Wednesday, August 16, 2017

Cairn from Killingsworth CT

reader Tim M sent these photos, and asked if anyone has an opinion about this rock pile:

Redwing MN Cairns

We may have all come across the web site:
Which shows a dramatic cairn on a bluff in Redwing Mn.

Some time ago reader Steve K who lives near Redwing, asked about something I had posted about those cairns and also mentioned he wanted to locate them on foot. I asked him to send photos if he took any, and I am pleased to be able to pass along his report.

Steve writes:
If you're still interested, here are some recent photos (08/13/2017) of one of the rock cairn sites in Red Wing. The DNR had recently cleared away brush, shrub trees, and buckthorn from the bluff making it possible to get some clear pics. 

I also included a couple of aerial photos of another cairn site nearby. There's not much to see in that one, but the tree in the foreground is in a hole that used to be the center of the cairn and there are many large rocks strewn around it. 

Looks pretty damaged since the original photo.

Friday, August 11, 2017

Indigenous Stone Structures in Guam

“Latte (also latde) is a Chamorro term that refers to stone pillars and cup-shaped capitals or capstones, which represent house supports and are ascribed to the ancient people of the Mariana Islands. In some accounts, they are also referred to as casas de los antiguos (houses of the ancients)... research has found that during Guam’s late prehistoric period, from about 1200 BP to 300 BP (before present), latte began to be used and became increasingly common before abandonment after Spanish colonization... In modern times the latte shape has become a symbol of Chamorro cultural identity...”


Tuesday, August 08, 2017

Webster Woods, Woods Hole

I think Mavor wrote about this wedged rock:

 It may have been blasted apart.
I remember this loose mound from seeing it in the past, but I never noticed it was a rectangle with two hollows - which I think is pretty rare on the Cape:
A wonderful woods, out there beyond the golf course.

The 4th Annual Pocumtuck Homelands Festival

   "The 4th Annual Pocumtuck Homelands Festival was, in a single word, “Nice.” It was nice to be invited, nice to be in a place where Ceremonial Stone Landscape features are recognized and well known. Everyone I talked to was so very nice and almost everyone had a story or two (or ten) to tell about interesting and intriguing stones as I stood at a table with what looked much like somebody’s 6th Grade Science Fair Project..."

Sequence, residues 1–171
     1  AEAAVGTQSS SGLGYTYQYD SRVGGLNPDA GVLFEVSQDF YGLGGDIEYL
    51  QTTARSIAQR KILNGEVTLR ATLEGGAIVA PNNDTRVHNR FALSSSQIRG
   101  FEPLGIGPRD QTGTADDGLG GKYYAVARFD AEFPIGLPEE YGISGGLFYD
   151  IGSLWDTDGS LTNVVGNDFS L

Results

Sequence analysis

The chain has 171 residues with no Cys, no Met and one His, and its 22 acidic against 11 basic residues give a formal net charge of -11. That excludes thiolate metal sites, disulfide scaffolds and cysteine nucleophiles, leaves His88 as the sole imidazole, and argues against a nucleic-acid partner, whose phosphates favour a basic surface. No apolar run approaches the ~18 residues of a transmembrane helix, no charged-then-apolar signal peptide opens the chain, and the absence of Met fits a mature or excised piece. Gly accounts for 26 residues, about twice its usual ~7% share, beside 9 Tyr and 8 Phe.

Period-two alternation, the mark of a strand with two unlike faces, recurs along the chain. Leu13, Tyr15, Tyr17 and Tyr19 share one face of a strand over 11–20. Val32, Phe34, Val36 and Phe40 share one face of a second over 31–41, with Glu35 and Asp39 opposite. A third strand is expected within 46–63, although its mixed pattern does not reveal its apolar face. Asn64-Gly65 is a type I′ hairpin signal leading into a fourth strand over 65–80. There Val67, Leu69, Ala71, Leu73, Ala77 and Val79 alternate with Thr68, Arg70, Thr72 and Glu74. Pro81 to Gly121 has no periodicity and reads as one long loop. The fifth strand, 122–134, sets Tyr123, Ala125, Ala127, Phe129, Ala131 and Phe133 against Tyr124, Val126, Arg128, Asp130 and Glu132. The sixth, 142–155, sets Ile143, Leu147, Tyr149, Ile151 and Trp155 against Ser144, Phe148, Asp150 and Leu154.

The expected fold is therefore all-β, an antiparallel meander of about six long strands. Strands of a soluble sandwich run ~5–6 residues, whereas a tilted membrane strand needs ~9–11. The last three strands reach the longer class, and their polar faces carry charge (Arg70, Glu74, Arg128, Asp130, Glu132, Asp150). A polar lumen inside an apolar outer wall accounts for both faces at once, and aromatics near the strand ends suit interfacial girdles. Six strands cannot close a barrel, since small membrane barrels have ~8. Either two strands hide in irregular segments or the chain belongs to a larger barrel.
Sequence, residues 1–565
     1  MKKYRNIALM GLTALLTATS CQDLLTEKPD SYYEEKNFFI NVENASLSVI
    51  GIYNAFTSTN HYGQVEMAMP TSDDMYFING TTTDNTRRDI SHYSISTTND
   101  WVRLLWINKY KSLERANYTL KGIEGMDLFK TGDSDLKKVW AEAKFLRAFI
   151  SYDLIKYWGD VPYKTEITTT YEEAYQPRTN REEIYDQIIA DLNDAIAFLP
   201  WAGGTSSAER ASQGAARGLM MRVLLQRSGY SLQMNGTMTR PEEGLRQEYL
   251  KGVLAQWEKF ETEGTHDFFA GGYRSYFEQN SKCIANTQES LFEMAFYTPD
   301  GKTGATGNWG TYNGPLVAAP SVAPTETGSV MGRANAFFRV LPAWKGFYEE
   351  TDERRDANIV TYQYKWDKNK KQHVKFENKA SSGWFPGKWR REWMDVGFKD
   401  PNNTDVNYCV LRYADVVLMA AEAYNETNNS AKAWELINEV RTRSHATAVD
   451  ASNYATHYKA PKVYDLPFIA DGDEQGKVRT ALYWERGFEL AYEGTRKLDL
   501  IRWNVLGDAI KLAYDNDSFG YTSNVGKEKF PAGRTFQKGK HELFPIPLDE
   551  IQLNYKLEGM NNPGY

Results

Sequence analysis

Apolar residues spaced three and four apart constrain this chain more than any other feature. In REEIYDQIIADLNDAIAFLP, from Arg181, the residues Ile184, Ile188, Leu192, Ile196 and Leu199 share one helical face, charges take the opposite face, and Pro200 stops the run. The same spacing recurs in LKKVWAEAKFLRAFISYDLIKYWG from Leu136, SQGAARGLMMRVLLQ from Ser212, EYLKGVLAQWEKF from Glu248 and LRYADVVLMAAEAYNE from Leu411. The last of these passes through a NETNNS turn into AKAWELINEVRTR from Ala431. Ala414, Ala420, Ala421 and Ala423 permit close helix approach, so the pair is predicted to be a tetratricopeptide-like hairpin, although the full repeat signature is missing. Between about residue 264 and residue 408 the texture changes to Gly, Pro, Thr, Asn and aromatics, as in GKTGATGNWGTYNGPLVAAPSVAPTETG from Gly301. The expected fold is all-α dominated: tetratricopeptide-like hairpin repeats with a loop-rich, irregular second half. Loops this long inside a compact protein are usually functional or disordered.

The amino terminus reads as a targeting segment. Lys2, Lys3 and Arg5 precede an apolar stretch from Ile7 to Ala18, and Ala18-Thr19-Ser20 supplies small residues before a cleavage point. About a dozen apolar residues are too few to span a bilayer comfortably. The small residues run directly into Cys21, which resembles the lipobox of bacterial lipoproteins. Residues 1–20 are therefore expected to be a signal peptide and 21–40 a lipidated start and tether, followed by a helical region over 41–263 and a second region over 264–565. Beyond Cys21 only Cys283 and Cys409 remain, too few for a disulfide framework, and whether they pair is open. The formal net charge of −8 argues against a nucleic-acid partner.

Friday, July 21, 2017


A fundraiser to support the Indigenous Tribes of the Northeast in protecting Ceremonial Stone Landscape Features in Sandisfield, Massachusetts

Presenter: Doug Harris
Preservationist for Ceremonial Landscapes
& A Deputy Tribal Historic Preservation Officer for the Narragansett Indian Tribal Historic Preservation Office (NITHPO).

Doug Harris will present a history of Ceremonial Stone Landscape Features in the Northeast region and the struggle to preserve them. The hills and valleys of New England are dotted with living prayers of stone (Ceremonial Stone Landscapes) created by the Indigenous peoples of this region. These stone structures were built to create and restore harmony between human beings and Mother Earth. The prayers that they embody continue to live as long as the stones are kept intact.
Saturday, August 5, 2017
3:00-5:00 pm
First Churches, 129 Main Street
Northampton, MA
The church is handicap accessible and on a bus line
Please enter on the Center Street side of the building

You can make a tax deductible contribution in one of two ways

1) Write a check to Creative Thought and Action (memo: CSL), and mail it to Climate Action Now's treasurer: Rene Theberge, 250 Shutesbury Road, Amherst, MA, 01002.

2) Donate online by going to
Please share far and wide with friends and family.
For more info and/or to help with this campaign contact Susan Theberge

Please include CSL in the subject line.

Tuesday, July 18, 2017

Reawakening on Turtle Island

   "I haven’t felt this good in years it seems. It’s like coming out of a fog that I’ve been lost in, returning to the familiar, coming back home..."

Thursday, July 13, 2017

Possible Manitou Stone (Griswold CT)

     When I asked James Finley if I could use this photo above, he sent me two more:

     James mentioned a nearby quarry - and asked a very good question: “There is a small quarry right at the bottom of the hill from where this stone is located. I'm sure most of the large stones used in and around the property came from this quarry. My question is, how could you tell if something was placed by Native Americans vs colonials given that this stone is directly along a road?”
   There’s no simple answer to the question –and, living in a home built about the time, all I can think of is more questions:
  Is that road a former Indian Trail?
    Is there more Indigenous Iconography in other stonework (such as the “wall” the stone seems incorporated into)?
  Looking at other photos, I wonder, how many times has an original stone wall been rebuilt or had stones added to?
    What else is there around there stone-wise, where does it lead to, what is enclosed?
    And I wonder about the house foundation: Is it quarried bricks and blocks, or is it like our house – serpents and turtles and a surprising number of rhomboidal stones??

    A link to the Historic Home (with more photos by James):

   (And  I took a few classes taught by a certain professor Jacobs whom I’m pretty sure was named for his relative Timothy Lester...)